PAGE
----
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Whitefish are salmonoids

Whitefish are salmonoids, and they are common throughout the Kuusamo area. Local fishery collectives stock their waters actively with whitefish. There are several whitefish populations which can be separated by the number of secondary teeth in their grillrakers. The most common whitefish populations in Kuusamo are the Baltic whitefish, the European whitefish, the broad whitefish, and the maraena whitefish. Hybrids are also formed between different whitefish populations, and therefore an examination by a more experienced fisherman is sometimes needed to find out which kind of whitefish has been caught. The populations differ from each other mostly by the nutrition they choose to eat. The less secondary teeth the fish has, the larger and coarser food it prefers.

Whitefish are happy to eat many kinds of food. As fry they eat plankton, and when they are older, they eat water fleas, bottom-dwelling creatures, and small fish. The usual catch size of whitefish is approximately 30-35 cm, which it reaches in 4-5 years under normal nutritional circumstances.

However, there is no minimum size given for whitefish. Whitefish spawn in autumn, between
September and December. The spawning season is two to four weeks long. Whitefish often rise or descend to spawn in rivers and small brooks, sometimes even in small ditches, but they also spawn in lakes near rocky areas or shores. They spawn 0.5-5 metres under water in areas with gravel or sand bottom.

How to catch whitefish

In winter it is possible to go ice fishing for whitefish. The best season for this is in early winter and again on the last spring ice. The fact that whitefish move around in shoals makes ice fishing easy. If you manage to find a whitefish shoal, you may be in for a considerable catch. During the cold-water season whitefish don’t move around very much, and the places of fishing nets must be changed often. Nets made of thin (0.12 mm) thread usually give the best catch, but if there are plenty of pike and perch in the water, they may cause considerable damage to the nets.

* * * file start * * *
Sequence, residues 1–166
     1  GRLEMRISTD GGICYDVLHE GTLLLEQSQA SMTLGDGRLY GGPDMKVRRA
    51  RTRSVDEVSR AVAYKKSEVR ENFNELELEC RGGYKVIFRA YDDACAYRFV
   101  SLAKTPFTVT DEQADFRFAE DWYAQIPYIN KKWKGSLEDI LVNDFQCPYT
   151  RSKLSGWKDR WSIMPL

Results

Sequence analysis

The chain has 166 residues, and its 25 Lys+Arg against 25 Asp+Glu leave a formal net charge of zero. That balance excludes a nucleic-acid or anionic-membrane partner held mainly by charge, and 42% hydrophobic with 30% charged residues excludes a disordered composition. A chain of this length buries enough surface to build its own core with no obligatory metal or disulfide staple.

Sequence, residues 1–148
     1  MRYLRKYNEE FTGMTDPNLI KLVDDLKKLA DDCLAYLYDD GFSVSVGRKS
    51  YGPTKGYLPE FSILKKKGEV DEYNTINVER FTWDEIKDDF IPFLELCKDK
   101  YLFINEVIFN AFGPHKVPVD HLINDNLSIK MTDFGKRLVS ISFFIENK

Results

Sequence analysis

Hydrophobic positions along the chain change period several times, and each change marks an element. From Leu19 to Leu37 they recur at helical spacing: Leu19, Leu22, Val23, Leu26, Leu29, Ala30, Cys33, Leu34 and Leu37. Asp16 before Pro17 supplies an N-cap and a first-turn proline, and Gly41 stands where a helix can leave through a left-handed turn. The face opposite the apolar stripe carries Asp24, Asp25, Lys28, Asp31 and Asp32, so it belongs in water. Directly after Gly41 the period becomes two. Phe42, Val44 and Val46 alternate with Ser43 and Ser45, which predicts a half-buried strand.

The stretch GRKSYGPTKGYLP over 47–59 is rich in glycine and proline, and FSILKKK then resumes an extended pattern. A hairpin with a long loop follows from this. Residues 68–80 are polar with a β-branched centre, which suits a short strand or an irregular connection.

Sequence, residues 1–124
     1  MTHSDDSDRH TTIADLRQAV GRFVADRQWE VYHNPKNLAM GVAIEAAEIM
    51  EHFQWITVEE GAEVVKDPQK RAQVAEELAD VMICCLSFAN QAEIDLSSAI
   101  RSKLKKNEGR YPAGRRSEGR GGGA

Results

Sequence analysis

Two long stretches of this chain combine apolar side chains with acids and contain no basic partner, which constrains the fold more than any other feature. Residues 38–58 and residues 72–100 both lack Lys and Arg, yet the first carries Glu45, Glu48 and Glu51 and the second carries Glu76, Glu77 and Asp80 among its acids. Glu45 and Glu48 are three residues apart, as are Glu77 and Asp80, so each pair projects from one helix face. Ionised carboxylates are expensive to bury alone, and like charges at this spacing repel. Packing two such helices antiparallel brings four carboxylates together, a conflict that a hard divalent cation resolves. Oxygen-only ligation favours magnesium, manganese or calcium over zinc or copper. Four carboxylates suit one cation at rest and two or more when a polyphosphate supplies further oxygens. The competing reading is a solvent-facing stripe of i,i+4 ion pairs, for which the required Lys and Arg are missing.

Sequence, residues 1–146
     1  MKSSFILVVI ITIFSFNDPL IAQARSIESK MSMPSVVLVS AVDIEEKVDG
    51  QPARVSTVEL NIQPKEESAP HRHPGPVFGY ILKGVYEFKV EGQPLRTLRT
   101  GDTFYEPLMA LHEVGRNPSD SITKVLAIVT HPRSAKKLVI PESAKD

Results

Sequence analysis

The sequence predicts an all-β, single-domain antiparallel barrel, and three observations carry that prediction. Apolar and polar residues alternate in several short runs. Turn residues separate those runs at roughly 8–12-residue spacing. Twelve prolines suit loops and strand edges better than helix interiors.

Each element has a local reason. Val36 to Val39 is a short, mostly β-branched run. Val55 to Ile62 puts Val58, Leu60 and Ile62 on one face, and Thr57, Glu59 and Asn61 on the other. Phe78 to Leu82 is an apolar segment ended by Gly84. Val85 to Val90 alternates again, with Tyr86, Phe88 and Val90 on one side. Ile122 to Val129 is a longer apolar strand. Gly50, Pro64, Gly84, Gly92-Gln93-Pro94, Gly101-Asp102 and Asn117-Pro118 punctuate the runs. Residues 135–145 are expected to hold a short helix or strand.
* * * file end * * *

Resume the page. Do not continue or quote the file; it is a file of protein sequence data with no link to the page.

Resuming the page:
In spring, after the ice has melted, whitefish takes well to small mini wobblers and spinners which are trolled from a row boat. In June when Midsummer approaches and the waters are warm, you should also try small flies tied to a thin line. Whitefish go after them greedily, especially late in the evening.

In July, when the waters are properly warm, the bigger whitefish tend to swim to the cooler water in deep parts of lakes during the day. If you cast nets with big enough meshes into deep lake water, you may be surprised by the catch. You should also take a landing net with you, as often the bigger whitefish are only slightly attached to the net by their jowls. They can wriggle loose of the net quite easily.

In autumn, after the water has cooled and the spawning time approaches, whitefish start to move more actively. Then they are usually fished with nets from shallow shores and near rocky grounds. The catch is often good.

At the table

Whitefish can be cooked in many different ways. Most commonly they are fried, boiled, or smoked. The largest specimens are often rawpickled with coarse sea salt.